MW 30 180 360 1,620
    MWh (1000) 105 683 1,577 6,307
    # of properties 22 130 260 1200
    # of major metro areas 2 6 8 10
    # of ISO's or regions 2 5 6 7
    Building spec averages
    # of buildings per property 2
    Sq ft per property 325,000
    Annual MWh per property 6,000
    Annual kWh/sq ft 19
    MW per property 1.4
    Portfolio participation (%)
    Demand response program 100 100 80 80
    Distribution system capital 5 10
    conservation
    Price-response load shifting 10 20 30 40
    (DAH or BES)
    Spinning reserve (RRS) 10 20 50
  • Market Database 55
  • The market database 55 stores prior portfolio and building commitments (current and historical bids and awards for BES and RRS, plus longer term commitments), market price and volatility (LMP and energy supplier price signals (electric and gas)), transmission congestion prices (DA, HA, RT (hourly), and RT (6 minute) prices; electric system conditions), yesterday's conditions (yesterday predicts today, at least as a start), ancillary services data (DA and RT prices, opportunity cost, control signals), and utility tariffs (delivery and supply tariffs, especially as a key driver of demand limiting strategies and as they constrain the flexibility of buildings to shift load from high to low-priced hours).
  • REP Database 52
  • The REP Database 52 stores the price or value signals provided by a building's supplier in lieu of, or to augment, market prices, baseline building load schedules, as determined by the supplier for its building customers (these schedules will be modified to reflect Energy Automation strategies), and adjusted building load schedules, as determined by ECI and transmitted to REP.
  • Operations Support Software
  • The Energy Automation administration database stores Energy Automation commands sent and verification of receipt, Energy Automation receipts and disbursements and the parameters behind them, and customer/supplier admin information. The scorecard software serves three functions (1) operational measurement & verification of performance (as a basis for distribution of revenues and against expected performance, to improve building database accuracy), (2) off-line analysis and development of alternative building control strategies (to test and continually improve the optimization software vs. independent, non-portfolio building operation), and (3) internal and external reporting. In regard to the development database, in order to continue development of the building model and the optimization model, ECI will need off-line access to some subset of the building, weather, and market databases.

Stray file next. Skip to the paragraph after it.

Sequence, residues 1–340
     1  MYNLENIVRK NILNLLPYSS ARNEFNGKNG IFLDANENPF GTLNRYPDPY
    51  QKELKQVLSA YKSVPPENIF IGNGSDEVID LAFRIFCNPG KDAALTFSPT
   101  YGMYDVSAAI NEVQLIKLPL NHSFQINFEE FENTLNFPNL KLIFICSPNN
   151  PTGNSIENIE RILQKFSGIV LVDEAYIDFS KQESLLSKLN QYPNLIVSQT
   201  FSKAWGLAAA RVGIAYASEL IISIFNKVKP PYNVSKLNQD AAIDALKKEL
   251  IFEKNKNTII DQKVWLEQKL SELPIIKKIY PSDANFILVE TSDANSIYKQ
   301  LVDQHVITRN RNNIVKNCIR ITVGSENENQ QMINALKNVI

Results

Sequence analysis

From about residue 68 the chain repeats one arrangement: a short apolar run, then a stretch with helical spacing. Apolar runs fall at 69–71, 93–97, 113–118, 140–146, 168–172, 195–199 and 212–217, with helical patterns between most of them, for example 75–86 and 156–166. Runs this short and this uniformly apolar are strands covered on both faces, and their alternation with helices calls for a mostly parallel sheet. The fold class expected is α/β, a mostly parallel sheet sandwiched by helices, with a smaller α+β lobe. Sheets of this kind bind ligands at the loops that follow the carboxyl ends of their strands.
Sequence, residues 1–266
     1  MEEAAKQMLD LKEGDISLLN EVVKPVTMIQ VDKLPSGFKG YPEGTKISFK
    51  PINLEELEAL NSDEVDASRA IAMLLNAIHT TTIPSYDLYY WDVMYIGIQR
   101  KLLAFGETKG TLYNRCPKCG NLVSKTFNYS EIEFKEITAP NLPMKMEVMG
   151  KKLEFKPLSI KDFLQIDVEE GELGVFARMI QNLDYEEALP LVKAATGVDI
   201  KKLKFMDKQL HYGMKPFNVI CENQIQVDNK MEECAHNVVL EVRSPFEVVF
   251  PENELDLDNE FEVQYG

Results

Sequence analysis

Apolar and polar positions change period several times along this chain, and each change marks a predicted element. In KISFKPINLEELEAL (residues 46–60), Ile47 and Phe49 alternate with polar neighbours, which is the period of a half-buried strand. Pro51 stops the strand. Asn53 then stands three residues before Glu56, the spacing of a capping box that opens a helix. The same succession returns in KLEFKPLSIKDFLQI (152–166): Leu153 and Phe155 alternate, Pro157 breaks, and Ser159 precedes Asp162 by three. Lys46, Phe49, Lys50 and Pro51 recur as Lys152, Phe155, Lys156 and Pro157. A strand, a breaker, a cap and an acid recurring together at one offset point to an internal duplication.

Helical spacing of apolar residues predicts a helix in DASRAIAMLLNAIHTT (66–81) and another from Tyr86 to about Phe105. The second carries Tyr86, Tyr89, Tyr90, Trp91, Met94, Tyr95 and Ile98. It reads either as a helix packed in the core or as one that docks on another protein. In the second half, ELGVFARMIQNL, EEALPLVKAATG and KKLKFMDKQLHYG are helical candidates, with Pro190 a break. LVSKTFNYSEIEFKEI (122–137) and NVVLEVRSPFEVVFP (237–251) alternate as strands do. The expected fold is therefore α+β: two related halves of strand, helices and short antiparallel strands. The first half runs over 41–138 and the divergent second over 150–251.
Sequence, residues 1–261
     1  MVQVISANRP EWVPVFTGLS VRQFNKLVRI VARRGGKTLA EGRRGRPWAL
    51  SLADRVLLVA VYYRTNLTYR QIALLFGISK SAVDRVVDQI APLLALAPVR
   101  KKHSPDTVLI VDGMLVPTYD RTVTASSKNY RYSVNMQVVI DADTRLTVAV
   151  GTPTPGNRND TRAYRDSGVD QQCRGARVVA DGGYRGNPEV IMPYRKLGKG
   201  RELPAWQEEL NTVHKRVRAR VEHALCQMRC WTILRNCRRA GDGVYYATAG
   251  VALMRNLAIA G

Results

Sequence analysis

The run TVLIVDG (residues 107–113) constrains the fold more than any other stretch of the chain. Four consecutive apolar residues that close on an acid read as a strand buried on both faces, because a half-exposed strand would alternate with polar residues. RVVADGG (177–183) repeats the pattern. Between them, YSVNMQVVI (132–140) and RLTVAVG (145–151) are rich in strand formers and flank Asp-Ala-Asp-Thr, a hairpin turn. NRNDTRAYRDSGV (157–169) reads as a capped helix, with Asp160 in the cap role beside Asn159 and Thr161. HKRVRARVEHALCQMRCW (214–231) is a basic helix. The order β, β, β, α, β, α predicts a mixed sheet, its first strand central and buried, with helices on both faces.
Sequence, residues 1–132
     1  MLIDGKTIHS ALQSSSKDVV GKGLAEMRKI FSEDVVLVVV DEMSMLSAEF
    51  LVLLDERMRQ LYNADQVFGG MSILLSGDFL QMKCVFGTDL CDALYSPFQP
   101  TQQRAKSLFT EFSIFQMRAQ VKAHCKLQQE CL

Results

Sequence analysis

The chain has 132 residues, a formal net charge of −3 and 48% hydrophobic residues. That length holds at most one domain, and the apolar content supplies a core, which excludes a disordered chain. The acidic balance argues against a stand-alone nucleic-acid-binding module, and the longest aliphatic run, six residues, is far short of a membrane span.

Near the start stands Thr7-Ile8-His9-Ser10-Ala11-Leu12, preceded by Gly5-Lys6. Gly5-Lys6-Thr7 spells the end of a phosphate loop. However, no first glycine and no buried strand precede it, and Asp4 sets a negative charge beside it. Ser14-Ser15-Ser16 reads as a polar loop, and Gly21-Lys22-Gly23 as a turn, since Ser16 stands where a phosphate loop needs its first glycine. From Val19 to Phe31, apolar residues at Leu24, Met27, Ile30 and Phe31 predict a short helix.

• Customer Building Interface 68
  • The customer building interface 68 encompasses several component. First, the customer building interface 68 comprises the hardware/software/communications interface between the ECI system and each building's BAS. The customer building interface 68 also comprises a graphical user interface that (a) indicates current status of assigned Energy Automation strategies and commands to a property's BAS, (b) displays current electric system operations and market conditions, weather, building, or other information (as necessary to inform building engineers as to how their buildings are creating value under today's conditions), and (c) displays and allows updating of ECI's building database content regarding their properties. The customer building interface 68 also automates retrieval and capture of BAS data in the Building Database and encodes building instructions—software that translates ECI building instructions (from the optimization model) into commands recognizable by each building's BAS. Inputs include, for example, standard commands (from building database), optimum portfolio operation (from optimization model), and optimum building operation (from optimization model). The customer building interface 68 also receives and interprets deployment signal—ECI will pass some ISO operating signals directly through to a building's BAS. For example, an ISO signal to deploy spinning reserve will require a real-time building response. In anticipation of such a deployment signal, ECI will have already transmitted instructions regarding the required building response.